What you actually do matters much more than what you say you’re going to do. Anyone can talk a big game or over-promise, but the actual follow-through is what creates lasting success.
For the last 15 years, part of my unique selling proposition is that I do what I say I’m going to do for the people who hire me. When I tell someone I’m going to do something, I do it (in the amount of time I say it’s going to take). Sometimes I do more, but never less.
Following through is much harder than it might seem, and that’s why people often fall short. Here’s how I make sure that I do what I say.
Never agree to or promise anything unless you are 100% sure you can do it
Saying “yes” is a contract. From telling someone you’ll call them for lunch next week to saying you’ll have a project finished in 3 days, anytime you agree to something, you’re asking someone to trust that you’ll do it.
Say “yes” only to things you are sure about — sure that you’ll make them happen and sure that it’s something you want to do. Half-assing something or not finishing a task is far worse than saying “no” upfront. Commit with complete conviction or don’t commit at all.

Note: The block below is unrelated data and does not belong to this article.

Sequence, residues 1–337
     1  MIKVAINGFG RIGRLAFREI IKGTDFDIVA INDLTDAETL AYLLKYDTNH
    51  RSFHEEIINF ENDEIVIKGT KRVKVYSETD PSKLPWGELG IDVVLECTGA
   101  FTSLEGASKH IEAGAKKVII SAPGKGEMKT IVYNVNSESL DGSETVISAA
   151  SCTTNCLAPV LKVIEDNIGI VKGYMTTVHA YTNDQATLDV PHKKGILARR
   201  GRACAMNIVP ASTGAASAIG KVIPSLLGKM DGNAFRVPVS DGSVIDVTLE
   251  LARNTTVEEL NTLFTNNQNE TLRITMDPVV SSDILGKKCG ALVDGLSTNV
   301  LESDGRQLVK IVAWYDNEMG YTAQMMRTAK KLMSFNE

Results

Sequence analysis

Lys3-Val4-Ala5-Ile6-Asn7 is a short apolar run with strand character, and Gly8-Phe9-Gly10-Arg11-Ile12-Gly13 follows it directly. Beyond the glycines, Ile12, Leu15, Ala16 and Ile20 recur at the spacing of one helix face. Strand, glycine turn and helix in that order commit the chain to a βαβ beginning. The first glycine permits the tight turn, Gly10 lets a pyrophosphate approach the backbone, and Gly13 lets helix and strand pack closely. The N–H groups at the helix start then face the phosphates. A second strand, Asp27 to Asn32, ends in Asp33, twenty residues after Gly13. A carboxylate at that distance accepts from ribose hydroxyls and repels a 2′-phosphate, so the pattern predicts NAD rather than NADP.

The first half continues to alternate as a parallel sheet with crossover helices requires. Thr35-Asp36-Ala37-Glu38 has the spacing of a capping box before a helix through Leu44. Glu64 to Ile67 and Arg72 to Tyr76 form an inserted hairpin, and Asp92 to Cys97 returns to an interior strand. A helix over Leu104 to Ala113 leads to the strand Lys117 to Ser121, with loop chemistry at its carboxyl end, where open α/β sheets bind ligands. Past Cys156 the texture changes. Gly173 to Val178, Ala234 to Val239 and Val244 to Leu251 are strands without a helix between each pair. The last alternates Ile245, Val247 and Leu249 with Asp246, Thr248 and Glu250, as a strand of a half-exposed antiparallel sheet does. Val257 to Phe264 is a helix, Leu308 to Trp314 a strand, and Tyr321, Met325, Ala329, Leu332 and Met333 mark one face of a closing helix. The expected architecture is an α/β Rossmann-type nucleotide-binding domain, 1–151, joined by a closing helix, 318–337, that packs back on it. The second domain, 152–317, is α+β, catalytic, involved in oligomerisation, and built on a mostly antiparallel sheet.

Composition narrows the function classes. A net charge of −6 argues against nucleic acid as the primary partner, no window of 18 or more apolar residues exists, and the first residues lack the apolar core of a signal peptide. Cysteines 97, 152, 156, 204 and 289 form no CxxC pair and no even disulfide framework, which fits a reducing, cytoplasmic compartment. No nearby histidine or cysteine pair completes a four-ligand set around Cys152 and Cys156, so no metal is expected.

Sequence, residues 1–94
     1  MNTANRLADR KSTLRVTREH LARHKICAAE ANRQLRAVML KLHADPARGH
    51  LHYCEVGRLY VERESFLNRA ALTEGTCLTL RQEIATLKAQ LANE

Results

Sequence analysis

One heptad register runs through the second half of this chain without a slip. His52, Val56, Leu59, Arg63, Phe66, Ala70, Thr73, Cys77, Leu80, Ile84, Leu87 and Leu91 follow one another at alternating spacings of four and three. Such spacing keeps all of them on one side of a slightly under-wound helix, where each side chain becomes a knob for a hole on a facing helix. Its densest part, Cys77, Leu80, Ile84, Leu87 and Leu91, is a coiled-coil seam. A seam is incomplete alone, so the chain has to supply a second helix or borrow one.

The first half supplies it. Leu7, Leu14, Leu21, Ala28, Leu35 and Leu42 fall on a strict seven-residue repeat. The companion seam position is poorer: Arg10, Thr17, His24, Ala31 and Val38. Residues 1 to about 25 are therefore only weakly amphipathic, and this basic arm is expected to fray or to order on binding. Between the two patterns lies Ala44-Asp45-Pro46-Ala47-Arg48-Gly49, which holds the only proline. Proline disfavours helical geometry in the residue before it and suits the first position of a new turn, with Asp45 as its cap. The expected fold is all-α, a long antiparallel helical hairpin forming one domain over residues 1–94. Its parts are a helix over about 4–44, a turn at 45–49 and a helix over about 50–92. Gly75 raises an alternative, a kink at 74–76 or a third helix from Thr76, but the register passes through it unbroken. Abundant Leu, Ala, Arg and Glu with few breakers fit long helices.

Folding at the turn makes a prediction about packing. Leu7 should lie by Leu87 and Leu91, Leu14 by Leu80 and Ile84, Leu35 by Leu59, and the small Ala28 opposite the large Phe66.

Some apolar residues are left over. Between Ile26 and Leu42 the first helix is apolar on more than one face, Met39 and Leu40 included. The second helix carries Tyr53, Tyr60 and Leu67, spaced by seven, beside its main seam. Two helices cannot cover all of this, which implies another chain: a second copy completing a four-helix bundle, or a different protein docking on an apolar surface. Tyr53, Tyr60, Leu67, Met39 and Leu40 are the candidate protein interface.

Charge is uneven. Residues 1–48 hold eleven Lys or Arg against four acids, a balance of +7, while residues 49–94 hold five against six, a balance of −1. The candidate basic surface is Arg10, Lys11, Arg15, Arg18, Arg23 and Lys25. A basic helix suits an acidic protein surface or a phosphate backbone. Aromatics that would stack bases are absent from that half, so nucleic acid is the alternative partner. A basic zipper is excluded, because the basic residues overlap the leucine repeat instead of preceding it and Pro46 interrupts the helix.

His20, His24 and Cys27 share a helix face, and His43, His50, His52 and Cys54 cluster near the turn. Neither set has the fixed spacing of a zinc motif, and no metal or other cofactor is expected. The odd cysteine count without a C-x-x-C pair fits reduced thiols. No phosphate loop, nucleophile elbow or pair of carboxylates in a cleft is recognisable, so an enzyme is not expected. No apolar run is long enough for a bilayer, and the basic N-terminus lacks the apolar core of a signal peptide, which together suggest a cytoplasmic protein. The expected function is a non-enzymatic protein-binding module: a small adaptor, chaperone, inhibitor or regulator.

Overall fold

Telling someone upfront that you can’t or aren’t interested in doing something re-affirms your commitment to your current schedule and tasks. Saying “no” means you not only respect yourself; you respect the other person, because you can’t guarantee to finish or commit to what they want.
Have a schedule
Anytime you say “yes” to something, put it in your calendar and set a reminder (or several). These reminders could involve anything from completing part of a client project on a certain day, to making an agreement with yourself to work out twice a week. Own your tasks to ensure they get done.
And remember that most things will take longer than you expect, so account for setbacks, other commitments and the fact that sometimes life in general will throw you off-course.
Don’t make excuses
Sometimes things happen that are beyond your control. From car accidents to computer crashes to family issues, life is unexpected. You can’t account for everything when you make a commitment, so if something forces you to break your promise, own it—even if it’s not your fault.Don’t make excuses, just offer to make things right.
The truth isn’t always the nicest answer. It might not be what someone wants to hear. But if you’re not rude about it, in the long run, everyone is better off. Telling the truth makes life easier and much more productive. This especially includes being honest with yourself.
Sometimes the most unreasonable expectations are ones we put on ourselves.
Being “impeccable with your word” (via Don Miguel Ruiz) means you are being honest with others, and more importantly, with yourself. This is truly the secret to success and the most important thing I’ve learned in my life. You instantly become “that guy/gal” who people want to work with or have on their team. It may require you to think more carefully about your commitments, but in the long run, being honest makes you a trustworthy person who is valuable in just about every situation.
This post originally appeared on Expert Enough.
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